COMMUNITIES affected by controversial “fracking” will be offered an average of £800,000 in additional compensation in an effort to stave off opposition in Conservative heartlands, according to reports.
Prime Minister David Cameron, an avid supporter of hydraulic fracturing for shale gas, will make the announcement as a survey was published showing the extent of shale gas reserves in the south of England.
The Government will hope the extra money quells criticism of plans to reform trespass laws to allow the fracking industry to grow to give Britain an alternative source of energy.
The compensation will be offered alongside one-off £100,000 payments in areas with fracking sites and a one per cent share of profits made.
The announcement will come as the British Geological Survey (BGS) publishes a long-awaited study into the extent of shale gas reserves in the south of England. According to reports it is expected to show reserves in Kent, Sussex, Surrey and Hampshire, all areas where the Conservatives enjoy support.
The move will prove embarrassing in some sections of the Conservative Party after Mr Cameron’s Tory colleague Lord Howell, Chancellor George Osborne’s father-in-law, caused controversy by calling for fracking to be carried out in the “desolate North”.
Ministers firmly back the exploitation of shale gas reserves in rocks beneath the UK, claiming it could bring down energy bills and create thousands of jobs. Environmental activists are bitterly opposed to the technique, which opponents say can increase climate change, cause small earthquakes and pollute water supplies.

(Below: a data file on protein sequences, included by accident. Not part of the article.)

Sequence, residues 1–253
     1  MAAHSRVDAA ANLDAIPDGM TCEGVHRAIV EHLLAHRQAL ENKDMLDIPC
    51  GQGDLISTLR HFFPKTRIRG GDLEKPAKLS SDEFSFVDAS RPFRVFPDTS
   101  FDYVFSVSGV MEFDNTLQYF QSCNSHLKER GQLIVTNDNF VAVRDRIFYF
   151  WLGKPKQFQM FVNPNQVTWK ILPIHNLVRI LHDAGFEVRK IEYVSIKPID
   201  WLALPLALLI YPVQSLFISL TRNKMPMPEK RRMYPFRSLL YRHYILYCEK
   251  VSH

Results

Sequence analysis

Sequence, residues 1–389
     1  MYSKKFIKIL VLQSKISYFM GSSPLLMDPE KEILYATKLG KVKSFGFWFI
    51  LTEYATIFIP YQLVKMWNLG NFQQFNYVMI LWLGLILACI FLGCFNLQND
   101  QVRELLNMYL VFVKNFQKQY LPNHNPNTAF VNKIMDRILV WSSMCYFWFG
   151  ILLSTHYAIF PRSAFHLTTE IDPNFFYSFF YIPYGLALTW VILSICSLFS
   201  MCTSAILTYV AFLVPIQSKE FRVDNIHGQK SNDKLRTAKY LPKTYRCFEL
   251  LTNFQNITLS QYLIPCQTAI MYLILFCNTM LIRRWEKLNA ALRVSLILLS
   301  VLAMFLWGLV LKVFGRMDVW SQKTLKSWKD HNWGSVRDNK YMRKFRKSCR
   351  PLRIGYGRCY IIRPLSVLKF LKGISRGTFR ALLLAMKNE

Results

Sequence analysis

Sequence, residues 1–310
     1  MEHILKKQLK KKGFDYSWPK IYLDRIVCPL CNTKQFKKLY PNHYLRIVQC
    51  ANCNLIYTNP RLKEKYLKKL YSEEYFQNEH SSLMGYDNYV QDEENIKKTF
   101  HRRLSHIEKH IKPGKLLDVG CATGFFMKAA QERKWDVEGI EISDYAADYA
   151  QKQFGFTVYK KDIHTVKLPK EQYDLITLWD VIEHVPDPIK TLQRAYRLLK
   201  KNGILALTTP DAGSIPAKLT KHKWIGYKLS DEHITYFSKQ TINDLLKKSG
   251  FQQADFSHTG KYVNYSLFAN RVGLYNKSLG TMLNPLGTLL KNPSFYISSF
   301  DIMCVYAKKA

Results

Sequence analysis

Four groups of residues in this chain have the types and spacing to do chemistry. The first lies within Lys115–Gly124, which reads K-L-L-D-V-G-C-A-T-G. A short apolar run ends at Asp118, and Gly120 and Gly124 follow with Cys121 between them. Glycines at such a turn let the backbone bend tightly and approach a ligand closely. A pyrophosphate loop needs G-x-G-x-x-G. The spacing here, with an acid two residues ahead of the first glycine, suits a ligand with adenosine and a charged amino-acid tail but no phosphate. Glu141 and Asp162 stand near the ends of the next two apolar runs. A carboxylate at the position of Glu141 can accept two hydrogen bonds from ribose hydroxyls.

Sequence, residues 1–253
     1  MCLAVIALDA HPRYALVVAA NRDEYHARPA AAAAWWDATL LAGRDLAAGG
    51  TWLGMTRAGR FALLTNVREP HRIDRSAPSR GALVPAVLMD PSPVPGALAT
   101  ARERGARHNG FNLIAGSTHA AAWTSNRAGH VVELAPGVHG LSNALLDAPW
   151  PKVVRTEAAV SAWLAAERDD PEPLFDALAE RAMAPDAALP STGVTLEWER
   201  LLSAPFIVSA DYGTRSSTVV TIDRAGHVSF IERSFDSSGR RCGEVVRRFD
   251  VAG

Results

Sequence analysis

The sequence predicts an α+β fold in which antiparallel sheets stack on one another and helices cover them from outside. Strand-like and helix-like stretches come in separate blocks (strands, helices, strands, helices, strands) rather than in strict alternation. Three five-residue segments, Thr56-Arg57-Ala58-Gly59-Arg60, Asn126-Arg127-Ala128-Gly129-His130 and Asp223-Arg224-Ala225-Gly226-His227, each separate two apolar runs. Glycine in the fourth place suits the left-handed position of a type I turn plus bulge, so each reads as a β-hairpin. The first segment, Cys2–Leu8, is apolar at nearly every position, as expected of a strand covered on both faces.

The Prime Minister has insisted fracking will be “good for our country” and has blamed a “lack of understanding” of the process for some of the opposition.
The BGS has already found large reserves of shale gas in the North but has now completed a months-long survey of the extent of it in the South.
Andrew Austin, of IGas Energy, said his company already exploited oil and gas reserves in the south of England.
But Friends of the Earth’s South East regional campaigner Brenda Pollack questioned the timing of the announcement, coming after the local and European elections.
She said: “These latest estimates will set alarm bells ringing across the south east of England where fracking firms seem intent on punching holes in some of Britain’s most beautiful countryside in the search for profits.
“No wonder the Government waited until after the elections to make this announcement as Lord Howell recently warned that fracking will cost the Tories thousands of votes in their heartlands.
“Shale oil and gas are not the solution to the UK’s energy challenges. Rather than drilling for more dirty fossil fuels that will add to climate change, the Government should be backing renewable power and energy efficiency.”
Gary Smith, national officer of the GMB union, said “Fracking needs to be subject to an honest, rational debate that focuses on a plan for energy, including gas in the UK.
“The case for fracking is yet to be proven, on environmental or economic grounds.
“If shale gas is viable and there are sufficient supplies to keep households warm, the gas needs to be seen as a national strategic asset. It shouldn’t simply be allowed to be traded abroad as a commodity.”